Latest update: August 20th, 2013
Boy, do they hate America.
I’m on a flight in Tanzania, having left Rwanda where we made a second tour of the genocide sites with the impending twentieth anniversary of the slaughter, when I meet a very fine Pakistani family going on safari.
We exchange pleasantries. They have children studying in the UK, as do many upper-class Pakistani families. My wife and I lived in the UK. We find much to talk about. I relate to them all the Pakistani students I knew at Oxford who were regulars at our events. They tell me of their trip to see the mountain gorillas and how they are enjoying Africa.
Suddenly, the father says to me, “I was in Israel recently. I enjoyed it. But I was disgusted at the treatment of the Palestinians who cannot even go from Bethlehem into Jerusalem.”
I explain to him that the checkpoints are relatively new. “They did not exist when I was a student in Jerusalem. They were set up after a wave of terror bombings killed thousands of Israeli civilians. You can hardly blame Israel from trying to stop the slaughter.”
“The slaughter?” he says, “You mean the way Israel massacres Palestinians every day. And it’s all funded by America, who is the biggest murderer in the world. Just look at the 100 people every day being killed in Iraq.”
I raise my eyebrows, trying to remain calm and provoked. “But that’s being done by Islamic terrorists. What does it have to do with America? We Americans died to liberate the Iraqis. We spent more than a trillion dollars of our national treasure on complete strangers to stop them from being slaughtered by Saddam Hussein.”
He ignores the facts and continues his diatribe. “America is now slaughtering everyone in Afghanistan, just to destabilize the region, and blaming everything on Pakistan.”
“America is trying to save Afghanistan from the Taliban,” I counter, “monsters who brutalize women, fanatics that behead those who don’t conform to their religious extremes.”
“Nonsense,” he says, “the Taliban is infinitely more humane that the Americans and their agents in the Middle East, the Israelis.”
By now I’ve had enough and I go on the offensive.
“Why was Osama bin Laden living in Abbotabad, a mile from Pakistan’s West Point? Who was sheltering a man who killed 3000 innocent Americans?”
And here he makes my jaw drop. “Three thousand Americans dead is nothing, a drop in the ocean, compared to how many Muslims America has killed.”
You may wonder why I am relating this story. It’s an isolated incident, right? But it’s not. It’s a sentiment I encountered in so many parts of Africa where I traveled to Rwanda, to again see the genocide sites and meet with government officials, and then to Arusha in Tanzania, to see the criminal courts where the Rwandan genocidaires were tried.
Readers of my columns will know that I am one of Jewry’s foremost defenders of Islam. I remind Jewish audiences constantly that we dare not de-contexualize the current frictions between Jews and Muslims. Saladin welcomed the Jews back to Jerusalem in 1187 when he captured the holy city from the crusaders who massacred every last Jew. The Ottomans took in large numbers of Jews when we were expelled from Catholic Spain and Portugal. Jews flourished in many Islamic lands where the Koran said they would have to be treated as second-class citizens but should otherwise not suffer persecution. I took Dr. Oz, during our recent visit to Israel together, to see the tomb of Maimonides in Tiberius, explaining that the greatest Muslim ruler that ever lived made the great sage his personal physician. Whenever some of my Jewish colleagues speak of Islam as an inherently violent religion, citing verses in the Koran to prove it, I remind them that there are plenty of verses of our own Torah which can be taken out of context and sound pretty violent. It all comes down to how these passages are interpreted.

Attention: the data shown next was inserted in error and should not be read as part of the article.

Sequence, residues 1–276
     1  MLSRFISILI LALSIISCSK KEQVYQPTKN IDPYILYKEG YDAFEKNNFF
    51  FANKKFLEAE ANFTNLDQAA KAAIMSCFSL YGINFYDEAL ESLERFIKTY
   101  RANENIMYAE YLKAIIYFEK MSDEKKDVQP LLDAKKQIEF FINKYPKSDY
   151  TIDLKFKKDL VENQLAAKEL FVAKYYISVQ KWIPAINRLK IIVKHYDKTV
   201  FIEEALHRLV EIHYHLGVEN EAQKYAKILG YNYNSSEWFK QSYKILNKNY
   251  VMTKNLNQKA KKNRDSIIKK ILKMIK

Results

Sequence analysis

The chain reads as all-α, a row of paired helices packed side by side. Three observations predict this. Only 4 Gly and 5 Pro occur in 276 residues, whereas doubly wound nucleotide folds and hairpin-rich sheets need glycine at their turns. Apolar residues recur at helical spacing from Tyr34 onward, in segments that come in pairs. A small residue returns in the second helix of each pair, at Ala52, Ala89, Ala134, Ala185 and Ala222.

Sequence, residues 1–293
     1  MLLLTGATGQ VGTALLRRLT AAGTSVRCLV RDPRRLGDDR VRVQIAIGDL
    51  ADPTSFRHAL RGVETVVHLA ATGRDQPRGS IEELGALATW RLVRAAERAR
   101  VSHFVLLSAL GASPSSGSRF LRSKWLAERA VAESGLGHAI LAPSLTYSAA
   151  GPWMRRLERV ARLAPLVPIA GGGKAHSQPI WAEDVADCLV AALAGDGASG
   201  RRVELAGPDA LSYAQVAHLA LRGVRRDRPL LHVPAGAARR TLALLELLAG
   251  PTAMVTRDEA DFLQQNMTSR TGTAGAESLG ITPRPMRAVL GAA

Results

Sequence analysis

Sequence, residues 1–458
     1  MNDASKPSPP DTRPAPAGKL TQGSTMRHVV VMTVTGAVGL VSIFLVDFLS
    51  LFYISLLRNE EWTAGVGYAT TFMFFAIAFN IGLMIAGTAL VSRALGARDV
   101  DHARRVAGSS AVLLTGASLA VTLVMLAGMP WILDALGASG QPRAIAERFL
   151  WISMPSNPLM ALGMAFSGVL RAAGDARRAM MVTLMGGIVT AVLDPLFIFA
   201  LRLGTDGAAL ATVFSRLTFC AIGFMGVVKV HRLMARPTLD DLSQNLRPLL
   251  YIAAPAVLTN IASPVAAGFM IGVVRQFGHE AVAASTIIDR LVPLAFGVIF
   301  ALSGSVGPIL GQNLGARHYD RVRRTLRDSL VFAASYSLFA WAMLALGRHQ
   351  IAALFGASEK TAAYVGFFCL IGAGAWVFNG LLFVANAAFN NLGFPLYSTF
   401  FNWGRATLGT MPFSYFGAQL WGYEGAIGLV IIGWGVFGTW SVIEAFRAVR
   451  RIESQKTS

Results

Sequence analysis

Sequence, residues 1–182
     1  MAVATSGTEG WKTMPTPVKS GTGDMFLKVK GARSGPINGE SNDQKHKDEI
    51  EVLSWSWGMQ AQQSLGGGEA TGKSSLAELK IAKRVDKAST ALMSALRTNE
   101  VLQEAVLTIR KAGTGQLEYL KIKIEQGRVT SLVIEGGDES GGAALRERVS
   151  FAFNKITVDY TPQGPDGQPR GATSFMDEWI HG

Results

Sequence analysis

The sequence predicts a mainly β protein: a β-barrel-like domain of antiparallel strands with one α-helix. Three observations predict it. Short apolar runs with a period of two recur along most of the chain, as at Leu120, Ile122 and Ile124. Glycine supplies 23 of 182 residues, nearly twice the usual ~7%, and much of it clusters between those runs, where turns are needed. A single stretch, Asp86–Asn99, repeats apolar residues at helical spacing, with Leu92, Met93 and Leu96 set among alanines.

But with that being said, there is no question in my mind that Islam is undergoing a modern crisis which perhaps only its clerics and lay leaders can rescue it from. Here in Tanzania there was a terrible story just a week ago when two British female Jewish teenagers were attacked with acid by Islamic assailants.
It’s not that imams and are preaching violence, although many unfortunately do. It’s rather that they preach victimhood. America is to blame for their problems. Israel is to blame for their suffering.
Where are the Islamic leaders and clerics who are prepared to say, “We are responsible for our own problems. We are taking a great world religion and turning it insular and away from secular knowledge rather than finding the balance between the holy and the mundane. We are not empowering women to be the equals of men in all spheres. We Palestinians took the largest per capita foreign aid ever given to a people and we allowed corruption and hatred of Israel to squander the funds on bombs and bullets rather than building universities and schools. We elect leaders democratically who then, like Hamas, or Muhammad Morsi, precede to dismantle democratic institutions. We see the Jews as our enemies rather than using them as an example of what we ourselves should aspire to. They returned to their land after long ago being dispersed by foreign European powers and made the desert bloom. We can surely do the same.”
About the Author: Shmuley Boteach, whom the Washington Post calls “the most famous rabbi in America,” is the founder of The World Values Network and the international bestselling author of 30 books, including “The Fed-up Man of Faith: Challenging God in the Face of Tragedy and Suffering.” Follow him on Twitter @RabbiShmuley.
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